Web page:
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These adjectives mean affected with or marked by unhappiness, as that caused by affliction. Sad is the most general: "Better by far you should forget and smile / Than that you should remember and be sad" (Christina Rossetti).
Melancholy can refer to lingering or habitual somberness or sadness: a melancholy poet's gloomy introspection. Sorrowful applies to emotional pain as that resulting from loss: sorrowful mourners at the funeral. Doleful describes what is mournful or morose: the doleful expression of a reprimanded child. Woebegone suggests grief or wretchedness, especially as reflected in a person's appearance: "His sorrow ... made him look ... haggard and ... woebegone" (George du Maurier).
Desolate applies to one that is beyond consolation: "Now she was desolate, a widow in a foreign country" (Nigel Hamilton).
- As full of sorrow as the sea of sands —William Shakespeare
- Could feel it [the sadness] pierce him like a foreign body in his heart —Amos Oz
- Crest-fallen as a dried pear —William Shakespeare
- Crest-fallen as a spy who had been caught by a thief —Victor Hugo
- Depressing as the last day of fishing —Robert Traver
- A feeling of sadness that is not akin to pain, resembles sorrow only as the mist resembles rain —Henry Wadsworth Longfellow
- (Scarlett) felt bereft, as though she had sold one of her children —Margaret Mitchell
The sadness which inspired the comparison was that experienced by the heroine of Gone With the Wind when she sold her lumber business.
- Felt melancholy grip him, like a pain in the heart —Mary McCarthy
- (I felt depressed,) filled to the neck with sadness like a carafe with bad wine —T. Coraghessan Boyle
- His heart throbbed like a bruise in the sigh —Norman Mailer
- His heart would sink down to his bowels like lead —Thomas Wolfe
- Looked and acted like a man who had just driven home from a couple of heart-rending funerals —George Ade
See Also: FACIAL EXPRESSIONS, SERIOUS
- Melancholy as a discarded statesman —William Mountford
- Melancholy as a fiddle with one string —Thomas Holcroft
- My heart is within me as an ash in the fire —Algernon Charles Swinburne
- My heart was as lead —Jack London
- Pathetic as all final efforts —Alice McDermott
- Pathetic as an autumn leaf —George Moore
- (A low call,) plaintive as a shepherd calling, to sheep who need no strident invocation —Arthur A. Cohen
- Sad as an eagle without wings, sad as a violin with only one string —Jean Rhys
- Sad as night —William Shakespeare
- Sad as professional mourners —F. Scott Fitzgerald
- Sad as twilight —George Eliot
- Saddening as a forest fire —Robert Traver
- Sad like graveyards —Terry Bisson
- Sad … like somebody who’s pilot light got blown out a long time ago —Susan Kelly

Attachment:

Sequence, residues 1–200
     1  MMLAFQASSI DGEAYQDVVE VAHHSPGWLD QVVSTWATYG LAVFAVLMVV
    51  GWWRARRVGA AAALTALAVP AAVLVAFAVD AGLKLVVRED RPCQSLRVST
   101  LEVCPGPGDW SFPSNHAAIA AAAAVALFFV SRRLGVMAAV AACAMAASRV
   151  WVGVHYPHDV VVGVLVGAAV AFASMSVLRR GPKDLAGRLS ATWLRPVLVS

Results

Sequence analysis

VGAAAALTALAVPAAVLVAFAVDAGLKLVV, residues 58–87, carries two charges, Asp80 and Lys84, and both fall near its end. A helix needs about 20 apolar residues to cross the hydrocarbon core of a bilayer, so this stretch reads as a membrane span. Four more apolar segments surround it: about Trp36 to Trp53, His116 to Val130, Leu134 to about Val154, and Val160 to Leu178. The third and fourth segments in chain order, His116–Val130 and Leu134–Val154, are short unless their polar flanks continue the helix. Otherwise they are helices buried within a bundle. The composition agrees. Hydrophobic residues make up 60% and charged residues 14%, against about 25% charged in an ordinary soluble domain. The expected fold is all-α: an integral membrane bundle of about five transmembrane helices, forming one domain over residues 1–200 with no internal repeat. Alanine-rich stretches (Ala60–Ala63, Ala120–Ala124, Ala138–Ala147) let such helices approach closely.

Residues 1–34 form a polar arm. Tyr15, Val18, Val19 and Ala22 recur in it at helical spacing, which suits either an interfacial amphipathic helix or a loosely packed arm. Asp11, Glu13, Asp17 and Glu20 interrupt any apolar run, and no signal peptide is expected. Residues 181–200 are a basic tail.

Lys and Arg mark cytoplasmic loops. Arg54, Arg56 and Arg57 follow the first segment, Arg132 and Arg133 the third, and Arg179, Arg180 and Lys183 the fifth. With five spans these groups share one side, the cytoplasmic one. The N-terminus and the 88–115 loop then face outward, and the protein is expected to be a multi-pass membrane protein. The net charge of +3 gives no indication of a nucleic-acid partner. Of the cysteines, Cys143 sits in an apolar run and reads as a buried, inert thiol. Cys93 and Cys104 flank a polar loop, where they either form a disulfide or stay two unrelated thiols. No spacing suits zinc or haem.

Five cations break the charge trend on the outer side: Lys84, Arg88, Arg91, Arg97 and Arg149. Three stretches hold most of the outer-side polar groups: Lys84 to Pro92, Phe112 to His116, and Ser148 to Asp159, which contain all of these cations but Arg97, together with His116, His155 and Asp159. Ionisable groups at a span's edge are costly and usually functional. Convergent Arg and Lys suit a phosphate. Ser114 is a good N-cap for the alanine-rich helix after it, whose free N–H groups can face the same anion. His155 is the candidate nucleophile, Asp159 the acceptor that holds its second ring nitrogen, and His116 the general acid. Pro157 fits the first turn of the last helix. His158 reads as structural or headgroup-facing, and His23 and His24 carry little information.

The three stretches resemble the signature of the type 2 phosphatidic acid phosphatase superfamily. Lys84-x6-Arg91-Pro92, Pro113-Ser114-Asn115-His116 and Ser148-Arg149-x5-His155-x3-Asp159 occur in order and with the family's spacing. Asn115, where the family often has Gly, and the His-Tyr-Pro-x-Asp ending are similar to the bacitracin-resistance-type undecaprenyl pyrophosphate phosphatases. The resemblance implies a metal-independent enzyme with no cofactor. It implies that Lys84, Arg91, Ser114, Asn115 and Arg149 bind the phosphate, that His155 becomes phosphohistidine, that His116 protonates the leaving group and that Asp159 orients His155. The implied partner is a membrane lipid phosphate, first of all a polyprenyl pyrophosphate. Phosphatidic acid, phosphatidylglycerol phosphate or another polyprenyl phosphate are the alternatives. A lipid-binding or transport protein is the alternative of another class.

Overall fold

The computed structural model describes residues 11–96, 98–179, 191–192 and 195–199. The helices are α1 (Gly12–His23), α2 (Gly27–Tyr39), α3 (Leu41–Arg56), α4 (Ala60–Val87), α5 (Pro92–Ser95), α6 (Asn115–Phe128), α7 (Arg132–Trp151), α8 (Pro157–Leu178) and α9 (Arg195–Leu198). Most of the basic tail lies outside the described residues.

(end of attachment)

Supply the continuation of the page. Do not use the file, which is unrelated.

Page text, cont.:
- Sadness … gnawed like a rat at his mind —Roderic Jeffries
- Sadness, like that inspired by a grave strain of music —Joseph Conrad
- Sadness that, over the years, had gathered in his chest like matter in a clogged drain —Joyce Reiser Kornblatt
- There would come, like water washing over a sunken buoy, the little knell of sadness —Hortense Calisher
Just as similes are used to give dramatic beginning to literary works, they can also be used to wind things up, as demonstrated by this final sentence from Calisher’s novel, Point of Departure.
|Noun||1.||sadness - emotions experienced when not in a state of well-being|
feeling - the experiencing of affective and emotional states; "she had a feeling of euphoria"; "he had terrible feelings of guilt"; "I disliked him and the feeling was mutual"
dolefulness - sadness caused by grief or affliction
heaviness - persisting sadness; "nothing lifted the heaviness of her heart after her loss"
melancholy - a feeling of thoughtful sadness
misery - a feeling of intense unhappiness; "she was exhausted by her misery and grief"
sorrow - an emotion of great sadness associated with loss or bereavement; "he tried to express his sorrow at her loss"
regret, ruefulness, sorrow, rue - sadness associated with some wrong done or some disappointment; "he drank to drown his sorrows"; "he wrote a note expressing his regret"; "to his rue, the error cost him the game"
depression - sad feelings of gloom and inadequacy
dejectedness, dispiritedness, downheartedness, low-spiritedness, lowness - a feeling of low spirits; "he felt responsible for her lowness of spirits"
happiness - emotions experienced when in a state of well-being
|2.||sadness - the state of being sad; "she tired of his perpetual sadness"|
unhappiness - state characterized by emotions ranging from mild discontentment to deep grief
|3.||sadness - the quality of excessive mournfulness and uncheerfulness|
uncheerfulness - not conducive to cheer or good spirits
happiness, delight, pleasure, joy, cheer, satisfaction, ecstasy, enjoyment, bliss, felicity, exuberance, contentment, wellbeing, high spirits, elation, gaiety, jubilation, merriment, cheerfulness, gladness, cheeriness, light-heartedness